You’re asking it the way an engineer asks. It’s not an answer, it’s a journey. If it were an answer, then after we had done our thing and told everyone to leave us alone, they would have left us alone. That’s not how Washington works. That’s not how government works. It’s naïve, on our part. So the modern model is that we spend a lot of time trying to make sure the government understands how large the contribution is that technology has made to the GDP of the country. One of our quotes: Fifteen percent of the GDP growth has been due to the two-and-a-half percent of the economy that’s IT. In other words, don’t screw that up.

Do you think that this administration seems to “get it” more than in the past?

You want to distinguish between the administration and the Congress. Each administration that I’ve worked with is full of younger people, and younger people are going to understand more the implications of technology. So for example, many senators now have Blackberrys or the equivalent. It means they’re finally beginning to use the technology. But that wasn’t true five years ago. Ten years ago, senators wouldn’t even send you an email message. Fifteen years ago, the government did not have a uniform naming scheme for email.

So what you see over and over again is the age of the people in government, plus the buying structure and the systemic nature, causes it to lag—this is the Andy Grove ‘three-times slower’ concept. So what do you do in that case? You have to show them. On a personal basis, I’ve spent a lot of time on this over the years. I’ve spent as much time doing this as anyone. The other people who’ve done a lot of this would be John Doerr and John Chambers. The three of us have probably spent more time wandering around over two decades.

Are the leaders in technology doing enough to work together? Are the lawsuits and the patent wars getting in the way of being able to help move the needle on these bigger issues?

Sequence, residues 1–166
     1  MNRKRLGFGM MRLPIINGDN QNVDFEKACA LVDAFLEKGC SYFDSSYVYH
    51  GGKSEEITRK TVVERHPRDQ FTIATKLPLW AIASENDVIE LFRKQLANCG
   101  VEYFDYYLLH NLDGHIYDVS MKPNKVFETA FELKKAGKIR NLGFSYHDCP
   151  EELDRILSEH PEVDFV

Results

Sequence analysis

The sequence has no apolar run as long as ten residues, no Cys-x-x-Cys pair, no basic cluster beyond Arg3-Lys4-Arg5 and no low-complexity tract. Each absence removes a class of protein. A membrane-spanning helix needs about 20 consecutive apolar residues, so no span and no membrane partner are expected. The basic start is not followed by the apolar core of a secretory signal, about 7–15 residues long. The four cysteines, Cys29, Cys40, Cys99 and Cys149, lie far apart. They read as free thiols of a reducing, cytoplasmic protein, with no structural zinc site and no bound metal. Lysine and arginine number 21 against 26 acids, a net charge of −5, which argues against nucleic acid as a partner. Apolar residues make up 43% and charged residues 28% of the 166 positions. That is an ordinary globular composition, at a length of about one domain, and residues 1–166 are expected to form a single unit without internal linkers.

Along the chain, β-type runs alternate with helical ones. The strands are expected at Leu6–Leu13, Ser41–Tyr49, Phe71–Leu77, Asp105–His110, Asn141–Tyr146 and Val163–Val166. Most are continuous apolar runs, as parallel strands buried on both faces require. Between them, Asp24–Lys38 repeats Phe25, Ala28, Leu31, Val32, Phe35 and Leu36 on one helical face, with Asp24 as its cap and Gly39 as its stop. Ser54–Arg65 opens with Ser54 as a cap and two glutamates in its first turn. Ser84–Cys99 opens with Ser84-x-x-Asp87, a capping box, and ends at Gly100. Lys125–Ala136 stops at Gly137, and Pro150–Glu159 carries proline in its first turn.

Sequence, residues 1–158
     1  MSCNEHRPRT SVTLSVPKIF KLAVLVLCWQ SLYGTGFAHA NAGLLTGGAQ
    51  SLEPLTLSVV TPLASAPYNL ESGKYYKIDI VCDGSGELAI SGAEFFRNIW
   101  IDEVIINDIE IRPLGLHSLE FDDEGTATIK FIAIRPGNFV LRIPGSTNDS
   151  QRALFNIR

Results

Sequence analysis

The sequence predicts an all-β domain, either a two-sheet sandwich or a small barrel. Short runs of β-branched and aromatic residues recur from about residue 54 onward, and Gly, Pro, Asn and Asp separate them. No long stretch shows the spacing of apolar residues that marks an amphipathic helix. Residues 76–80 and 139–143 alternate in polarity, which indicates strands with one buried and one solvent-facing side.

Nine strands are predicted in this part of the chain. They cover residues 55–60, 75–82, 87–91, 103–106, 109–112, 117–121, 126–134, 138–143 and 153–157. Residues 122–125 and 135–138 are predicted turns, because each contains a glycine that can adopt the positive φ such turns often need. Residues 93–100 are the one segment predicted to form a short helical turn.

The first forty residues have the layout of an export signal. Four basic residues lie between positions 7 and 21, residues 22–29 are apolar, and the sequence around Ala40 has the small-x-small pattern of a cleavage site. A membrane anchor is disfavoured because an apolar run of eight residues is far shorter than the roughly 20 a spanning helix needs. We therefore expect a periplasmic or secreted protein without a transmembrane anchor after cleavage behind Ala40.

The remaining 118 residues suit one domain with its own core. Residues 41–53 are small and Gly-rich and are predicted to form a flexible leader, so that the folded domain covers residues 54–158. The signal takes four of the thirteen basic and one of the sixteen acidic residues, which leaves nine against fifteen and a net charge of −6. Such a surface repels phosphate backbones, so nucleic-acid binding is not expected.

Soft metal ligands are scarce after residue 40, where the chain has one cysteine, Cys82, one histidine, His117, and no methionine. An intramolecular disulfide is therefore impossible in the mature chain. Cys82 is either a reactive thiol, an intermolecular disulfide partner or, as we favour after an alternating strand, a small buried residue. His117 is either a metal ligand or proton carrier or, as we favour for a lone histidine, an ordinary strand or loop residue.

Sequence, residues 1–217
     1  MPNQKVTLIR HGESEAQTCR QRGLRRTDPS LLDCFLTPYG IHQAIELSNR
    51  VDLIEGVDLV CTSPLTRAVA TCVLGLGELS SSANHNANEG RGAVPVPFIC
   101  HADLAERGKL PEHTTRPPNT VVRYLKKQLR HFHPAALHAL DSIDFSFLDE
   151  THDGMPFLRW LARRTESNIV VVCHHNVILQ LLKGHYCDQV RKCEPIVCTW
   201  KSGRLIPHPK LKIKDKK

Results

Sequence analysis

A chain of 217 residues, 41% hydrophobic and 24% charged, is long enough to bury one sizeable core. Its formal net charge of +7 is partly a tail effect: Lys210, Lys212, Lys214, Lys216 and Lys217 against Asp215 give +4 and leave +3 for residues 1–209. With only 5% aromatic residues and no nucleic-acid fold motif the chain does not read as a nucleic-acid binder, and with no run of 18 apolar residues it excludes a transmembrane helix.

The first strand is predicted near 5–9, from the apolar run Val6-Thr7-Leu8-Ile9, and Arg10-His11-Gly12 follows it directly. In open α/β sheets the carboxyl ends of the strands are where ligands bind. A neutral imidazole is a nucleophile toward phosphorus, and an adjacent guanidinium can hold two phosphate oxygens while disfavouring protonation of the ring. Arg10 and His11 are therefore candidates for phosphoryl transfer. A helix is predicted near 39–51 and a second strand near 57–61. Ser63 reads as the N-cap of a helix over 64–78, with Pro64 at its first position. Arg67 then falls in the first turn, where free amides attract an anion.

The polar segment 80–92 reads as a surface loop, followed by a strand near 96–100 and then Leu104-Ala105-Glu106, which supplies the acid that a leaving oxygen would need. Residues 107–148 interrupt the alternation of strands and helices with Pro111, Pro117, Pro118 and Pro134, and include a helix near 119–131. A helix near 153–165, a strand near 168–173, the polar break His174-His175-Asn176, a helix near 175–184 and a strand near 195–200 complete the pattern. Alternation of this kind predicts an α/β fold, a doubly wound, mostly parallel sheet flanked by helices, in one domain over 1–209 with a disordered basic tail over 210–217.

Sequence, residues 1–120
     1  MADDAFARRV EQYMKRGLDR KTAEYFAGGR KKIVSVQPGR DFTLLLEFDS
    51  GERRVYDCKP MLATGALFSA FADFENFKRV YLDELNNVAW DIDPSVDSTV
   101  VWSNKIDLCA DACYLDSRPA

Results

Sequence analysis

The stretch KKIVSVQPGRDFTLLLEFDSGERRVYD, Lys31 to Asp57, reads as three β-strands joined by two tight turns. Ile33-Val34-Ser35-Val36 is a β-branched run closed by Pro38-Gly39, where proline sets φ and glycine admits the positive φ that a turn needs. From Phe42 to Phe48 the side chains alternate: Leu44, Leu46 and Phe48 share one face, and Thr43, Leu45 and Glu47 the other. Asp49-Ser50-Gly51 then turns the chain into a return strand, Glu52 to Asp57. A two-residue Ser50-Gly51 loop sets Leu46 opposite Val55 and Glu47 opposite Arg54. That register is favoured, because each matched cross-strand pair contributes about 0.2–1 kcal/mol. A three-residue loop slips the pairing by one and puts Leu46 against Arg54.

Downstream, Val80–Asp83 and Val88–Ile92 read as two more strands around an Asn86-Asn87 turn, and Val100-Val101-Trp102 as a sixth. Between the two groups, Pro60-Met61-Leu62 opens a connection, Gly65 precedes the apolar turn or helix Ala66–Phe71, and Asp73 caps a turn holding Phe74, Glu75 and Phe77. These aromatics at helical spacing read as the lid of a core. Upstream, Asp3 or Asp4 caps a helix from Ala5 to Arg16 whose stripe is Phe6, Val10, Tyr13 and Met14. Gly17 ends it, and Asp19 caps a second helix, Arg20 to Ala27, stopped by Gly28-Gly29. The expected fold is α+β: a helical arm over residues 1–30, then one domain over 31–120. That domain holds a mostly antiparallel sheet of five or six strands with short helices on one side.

The industry tends to agree on the things I’ve told you about. There’s not much disagreement. So we have funded joint lobbying and so forth. One of the things about being in California is you’re just not as focused on Washington. So when you go and you spend time with the little companies, they have no concept of why they would want to go to Washington. I remember thinking, “Wow, I have to go to Washington and talk to them?” It’s so foreign because when you’re in that zone, you’re busy inventing something that’s so obvious [that you think] everyone will love it and there’s no scenario where the government will prevent you from doing that.

Let me give you a counter example. Now there are startups in Washington. And these startups have the interesting property that they’re founded by people who were policymakers, let’s say in telecommunications. They’re very clever people, and they’ve figured out a way in regulation to discriminate, to find a new satellite spectrum or a new frequency or whatever. They immediately hired a whole bunch of lobbyists. They raised some money to do that. And they’re trying to innovate through the regulation. So that’s what passes for innovation in Washington. And again, God bless them. But they have a political strategy to get their particular legislation and niche approved. That’s unheard of here.

How has lobbying evolved for you, then?

The conclusion that we came to [as far back as when I was at Sun Microsystems] is that there are two kinds of lobbying. And this, I think, is grossly unfair but kind of true. There’s the kind of lobbying where you pay an ex-senator to get the current senator to write a sentence into a bill, and there’s no confusion as to what this is about. You are representing your corporate interest. It’s specific to your company. In Washington, for example, you can pay an ex-person $50,000 to arrange a meeting to get that process, to get those five sentences written in this bill, and so forth and so on.

The punch line is, we concluded that we didn’t want to do that as industry, and certainly not at Sun. We wanted to lobby based on ideas. And as far as I know, every company that I’ve worked with—and I was part of the Business Software Alliance and all these other groups—we all sort of agree with this. There’s a line that we’re not willing to cross. So what we do from a leadership perspective, at least in terms of political leadership, is we talk about ideas. And inevitably what happens is everyone says ‘yes,’ yet inevitably on the Hill you have an older gentleman or lady.